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Nobody had ever seen microbes or even thought they might exist because microbial effects could be explained in other ways.

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Introduction

Microbes. Nobody had ever seen microbes or even thought they might exist because microbial effects could be explained in other ways. What we now call biotechnology probably began as a kind of magic 1000's of years ago. It took a huge leap into turning into a science in the 1670s when a Dutch microscope maker called Anton van Leeuwenhoek looked at a sample of his own saliva. Factors that affect the growth of microbes are called limiting factors and influence the growth of cells in culture: - nutrient availability, temperature, pH, oxygen and build up of toxic material. An unfavourable level of any one of these factors can slow them to slow down or stop growth. Commercial Biotechnology. The commercial production of microorganisms used to be by batch culture - a culture was set up and after a period of growth it was harvested. A more recent method that has been used to grow the organisms in continuous culture - along-term operation over many weeks, during which time nutrient medium is added as fast as it is used and the overflow is harvested. Biotechnology is the use of biological agents to produce or process some other material. ...read more.

Middle

Selecting a strain. Enzymes are only produced by living cells and microorganisms are used to produce enzymes on an industrial scale. The scope for detecting new and useful organisms is huge. E.g. 10's of millions of microorganisms of many different types exist in a gram of soil. Less than 1% of the world's microorganisms have been researched so there is much more scope for research. Strain selection is necessary to find the microorganisms that will produce an enzyme that will do exactly what is required. Strains must therefore not make humans ill; some could be genetically altered. Organisms that are selected to produce the enzymes that are used in the food industry have to comply with very strict rules and regulations. The responsibility of the final product's safety lies with the product manufacturer. Intracellular and Extracellular enzymes. The enzymes are always produced inside the cells but many pass out through the cell walls into the growth medium. These are known as extracellular enzymes. Enzymes that stay within the cell are known as intracellular enzymes. Most of the enzymes that are used in industrial applications are extracellular enzymes produced by microorganisms during fermentation; the process can be either using a submerged or a surface culture. ...read more.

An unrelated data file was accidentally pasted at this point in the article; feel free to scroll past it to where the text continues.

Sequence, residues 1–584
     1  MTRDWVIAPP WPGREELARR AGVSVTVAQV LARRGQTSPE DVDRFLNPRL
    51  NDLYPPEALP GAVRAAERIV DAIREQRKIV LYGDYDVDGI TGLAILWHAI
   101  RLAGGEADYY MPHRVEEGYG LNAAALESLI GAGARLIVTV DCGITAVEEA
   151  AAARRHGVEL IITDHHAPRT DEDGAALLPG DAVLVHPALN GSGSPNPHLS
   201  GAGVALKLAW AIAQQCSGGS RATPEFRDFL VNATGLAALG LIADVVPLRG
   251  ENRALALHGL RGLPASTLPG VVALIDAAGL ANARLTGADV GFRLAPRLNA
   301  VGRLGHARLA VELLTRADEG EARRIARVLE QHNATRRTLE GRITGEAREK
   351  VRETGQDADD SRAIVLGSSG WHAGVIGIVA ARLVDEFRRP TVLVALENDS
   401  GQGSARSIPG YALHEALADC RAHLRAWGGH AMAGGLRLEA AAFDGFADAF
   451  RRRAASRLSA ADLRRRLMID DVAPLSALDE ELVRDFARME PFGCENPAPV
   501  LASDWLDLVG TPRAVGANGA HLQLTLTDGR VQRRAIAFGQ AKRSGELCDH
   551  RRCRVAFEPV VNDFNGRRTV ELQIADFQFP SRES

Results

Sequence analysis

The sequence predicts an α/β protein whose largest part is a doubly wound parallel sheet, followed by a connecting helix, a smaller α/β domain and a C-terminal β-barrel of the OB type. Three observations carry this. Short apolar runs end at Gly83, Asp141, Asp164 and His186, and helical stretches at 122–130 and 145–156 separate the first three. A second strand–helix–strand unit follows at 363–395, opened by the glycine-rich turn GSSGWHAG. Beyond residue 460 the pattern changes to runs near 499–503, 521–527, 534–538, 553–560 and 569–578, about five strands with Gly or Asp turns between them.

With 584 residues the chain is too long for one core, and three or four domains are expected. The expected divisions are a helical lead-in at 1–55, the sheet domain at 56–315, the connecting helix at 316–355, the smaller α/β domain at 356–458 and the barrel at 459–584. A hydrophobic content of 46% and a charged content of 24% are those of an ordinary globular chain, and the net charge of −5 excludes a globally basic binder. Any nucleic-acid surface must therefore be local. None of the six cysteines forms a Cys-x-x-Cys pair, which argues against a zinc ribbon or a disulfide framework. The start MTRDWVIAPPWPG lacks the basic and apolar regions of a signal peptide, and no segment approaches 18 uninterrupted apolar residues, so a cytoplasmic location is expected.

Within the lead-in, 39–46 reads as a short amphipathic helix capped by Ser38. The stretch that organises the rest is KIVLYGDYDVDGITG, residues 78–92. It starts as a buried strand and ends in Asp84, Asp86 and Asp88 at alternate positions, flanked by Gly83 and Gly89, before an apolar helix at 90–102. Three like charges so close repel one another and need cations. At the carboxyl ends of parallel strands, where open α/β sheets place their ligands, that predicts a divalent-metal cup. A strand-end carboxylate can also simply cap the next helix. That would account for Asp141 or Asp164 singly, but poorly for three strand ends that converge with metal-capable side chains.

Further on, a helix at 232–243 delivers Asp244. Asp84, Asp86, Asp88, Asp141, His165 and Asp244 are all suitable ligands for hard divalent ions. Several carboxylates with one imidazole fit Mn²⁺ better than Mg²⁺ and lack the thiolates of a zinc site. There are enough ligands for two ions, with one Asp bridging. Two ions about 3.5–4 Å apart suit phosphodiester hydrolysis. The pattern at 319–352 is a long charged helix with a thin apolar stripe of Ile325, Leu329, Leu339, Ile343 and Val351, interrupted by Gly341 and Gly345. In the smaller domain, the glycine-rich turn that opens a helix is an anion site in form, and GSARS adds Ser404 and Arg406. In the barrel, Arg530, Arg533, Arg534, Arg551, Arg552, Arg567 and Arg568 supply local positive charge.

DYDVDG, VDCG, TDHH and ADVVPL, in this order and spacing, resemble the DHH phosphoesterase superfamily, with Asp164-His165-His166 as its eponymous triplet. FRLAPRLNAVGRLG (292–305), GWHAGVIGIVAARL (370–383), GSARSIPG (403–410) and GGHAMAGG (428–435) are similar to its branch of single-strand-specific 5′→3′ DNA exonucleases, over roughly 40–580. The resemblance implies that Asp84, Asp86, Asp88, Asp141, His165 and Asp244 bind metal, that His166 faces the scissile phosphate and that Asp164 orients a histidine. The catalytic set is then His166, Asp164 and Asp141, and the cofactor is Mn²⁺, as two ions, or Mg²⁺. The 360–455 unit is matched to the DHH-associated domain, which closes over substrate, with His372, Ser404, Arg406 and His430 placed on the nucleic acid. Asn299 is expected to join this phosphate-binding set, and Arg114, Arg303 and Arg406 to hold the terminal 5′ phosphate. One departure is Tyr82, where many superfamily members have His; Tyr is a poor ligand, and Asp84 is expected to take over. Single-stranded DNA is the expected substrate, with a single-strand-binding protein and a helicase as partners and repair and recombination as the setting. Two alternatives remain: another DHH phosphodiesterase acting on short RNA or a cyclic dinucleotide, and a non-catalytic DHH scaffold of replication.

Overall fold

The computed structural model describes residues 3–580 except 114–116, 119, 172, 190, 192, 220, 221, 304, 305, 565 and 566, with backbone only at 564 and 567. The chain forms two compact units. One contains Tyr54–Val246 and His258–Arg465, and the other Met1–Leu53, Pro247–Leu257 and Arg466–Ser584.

Conclusion

contact with protein that it can break down into amino acids for the bacterium to absorb - so each bacterium is producing more enzyme in order to maximize the harvest of amino acids from the small amount of protein that is available. If the organisms are given too little nutrients then they will not survive at all. The biotechnologists provide a medium that contains just sufficient nutrient to ensure that the microorganisms in the main fermenter produce the maximum amount of enzyme and continue to grow without increasing the number of cells. This stage of population growth is called the exponential growth phase and it is the production phase of the fermentation. It is also important to control the other growth factors e.g. oxygen level, pH and temperature are also monitored and controlled. Maximum enzyme production is achieved when each of the growth conditions is maintained at its optimum. Enzyme production is more efficient today than 100 years ago as: - * Genetic manipulation of microorganisms has improved yields; * Low-cost nutrients and advanced monitoring have improved fermentation technology; * New methods extract a greater proportion of the enzymes from the cell; * Down stream processing techniques are more efficient; * Continuous production in special reactors is more efficient than batch processes. ...read more.

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